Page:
Aura is barely 15 years old when she is kidnapped in Guatemala. It was the military, at her school, before the nuns who had to protect her. These are the times in the power of the bloodthirsty dictator Efrain Rios Montt. Ella aura doesn’t know what they accuse her of. She hears words like “communism”, “guerrilla”, which don’t sound like anything to her. They lock her in a basement, in a torture center. They strip her of all dignity. She suffers terrible humiliation, she lives among the filth and with the nightmare of the dark, of hosed baths with cold water, with the terror and disgust of systematic rapes by her tormentor, from whom she becomes pregnant. And as if that were not enough, they take her son from the young woman, they kidnap him. Although Aura is a fictional character, her story is real, based on dozens of testimonies read and heard by the Mexican writer Ximena Santaolalla (Tlanalapa, Hidalgo, Mexico, 39 years old), who denounces in Sometimes I wake up shaking (Random House Literature) one of the cruelest times in Latin American history: the genocide caused by the dictator Rios Montt. Santaolalla, who says he feels ashamed for having known that nightmare too late, hopes that his novel moves and stirs consciences so that episodes as terrible as the one suffered by Guatemalans do not happen again.
Ask. At the end of his novel, he asks the Mexican reader to look back at Central America. He draws attention to how little Central America and its history matter to Mexico, especially when taking into account how close it is.
Reply. It was in 2013 that I realized what had happened in the dictatorship of Efrain Rios Montt. And that was when I realized for the first time in my life, I was 30 years old, that it had been the most brutal dictatorship on our continent. That hurt me, realizing so late. And that’s when I also realized our attitude as Mexicans towards the history of Central America, of complete ignorance, of pretending it doesn’t exist.
Q. Despite the fact that there are thousands of Central Americans who cross Mexico every day.
R. 250,000 more or less a year. And of those 250,000, at least 4,000 die a year in my country. I wonder why there aren’t more spaces for refuge, care, even spaces where people who were murdered or disappeared here can be honored. And not only here, but also in the United States, considering that many of the problems, if not most of the problems that occur in Central America, were implanted by the United States.
Q. In his novel he tells how these bloodthirsty Guatemalan soldiers, the kaibiles, who committed atrocities in Guatemala, were trained in US military camps.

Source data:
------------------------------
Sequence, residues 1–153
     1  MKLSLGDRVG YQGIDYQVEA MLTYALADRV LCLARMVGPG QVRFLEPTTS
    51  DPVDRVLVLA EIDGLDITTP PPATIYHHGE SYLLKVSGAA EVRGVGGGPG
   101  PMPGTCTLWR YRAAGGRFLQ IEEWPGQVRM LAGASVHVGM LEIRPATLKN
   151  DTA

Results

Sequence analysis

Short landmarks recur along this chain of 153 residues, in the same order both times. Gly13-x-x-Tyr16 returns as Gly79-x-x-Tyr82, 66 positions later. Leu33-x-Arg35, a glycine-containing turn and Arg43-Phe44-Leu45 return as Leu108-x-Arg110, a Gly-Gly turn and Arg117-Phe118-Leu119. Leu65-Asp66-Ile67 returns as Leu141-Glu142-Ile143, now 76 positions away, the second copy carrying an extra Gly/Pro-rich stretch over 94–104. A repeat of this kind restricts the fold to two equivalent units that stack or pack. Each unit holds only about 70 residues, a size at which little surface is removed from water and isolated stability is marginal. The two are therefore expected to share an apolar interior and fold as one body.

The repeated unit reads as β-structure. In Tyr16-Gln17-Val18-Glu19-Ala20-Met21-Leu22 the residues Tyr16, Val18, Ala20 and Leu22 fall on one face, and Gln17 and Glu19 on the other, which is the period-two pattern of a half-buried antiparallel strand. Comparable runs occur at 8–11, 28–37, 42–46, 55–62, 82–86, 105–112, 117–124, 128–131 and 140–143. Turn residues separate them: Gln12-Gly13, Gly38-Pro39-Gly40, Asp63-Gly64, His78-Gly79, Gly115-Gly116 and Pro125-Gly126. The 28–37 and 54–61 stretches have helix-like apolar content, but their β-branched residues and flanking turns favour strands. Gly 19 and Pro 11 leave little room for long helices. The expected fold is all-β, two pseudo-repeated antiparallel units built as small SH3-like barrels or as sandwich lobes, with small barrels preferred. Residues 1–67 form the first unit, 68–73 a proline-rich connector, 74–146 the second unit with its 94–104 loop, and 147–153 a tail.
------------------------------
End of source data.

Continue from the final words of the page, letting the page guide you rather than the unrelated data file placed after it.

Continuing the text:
R. Yes. This kaibil training is based on the US Rangers and the Israeli Mossad. Even Efrain Rios Montt trained at the School of the Americas and it is very important that this is recognized, that more is said about it. Now that I have presented the novel at Harvard’s David Rockefeller Center for Latin American Studies, I said that it should be recognized that there is a responsibility of the United States, because the consequences of this, although it happened 40 years ago, continue to exist. It must be recognized that there are still open wounds and a lot of pain and palpable post-traumatic stress. When a wound of that magnitude is done, there are also financial consequences in a country, there are psychological and emotional consequences. So I believe that there must be a real response from the United States.
Q. Many of the members of the kaibiles ended up joining the ranks of organized crime in Mexico. From Los Zetas, for example.
R. Yes, but I would not say that Mexico was affected as well. Mexico is the one who invites them, the Gulf Cartel invites them to be their bodyguards, they hire them. And then they realize that it is better for them to make their own cartel, to make Los Zetas. If a State decides to train people by dehumanizing them and teaching them to become killing machines, these people will slowly realize that it is better for them to do the same work for organized crime, because they will earn more money.
Q. You mentioned the wounds that remain open in Guatemala. What impact has it had on the victims that a genocide like Rios Montt has died in impunity?
R. There was a positive feeling when Judge Yazmin Barrios said with all her words that what happened in Guatemala was genocide and that there should be a sentence that includes all those testimonies, even if that sentence was later annulled. The bad thing is that in Guatemala there are still many corruption problems and there are still all these terrible forces like the Foundation against Terrorism, which now has a lot of power to terrorize judges and other officials who are trying to imprison those responsible. [La Fundacion contra el Terrorismo es un organismo de extrema derecha, financiado por poderosos grupos economicos y exmilitares, que ha mostrado mucha beligerancia en los juicios contra los jueces y fiscales anticorrupcion]
Q. The military still have a lot of power.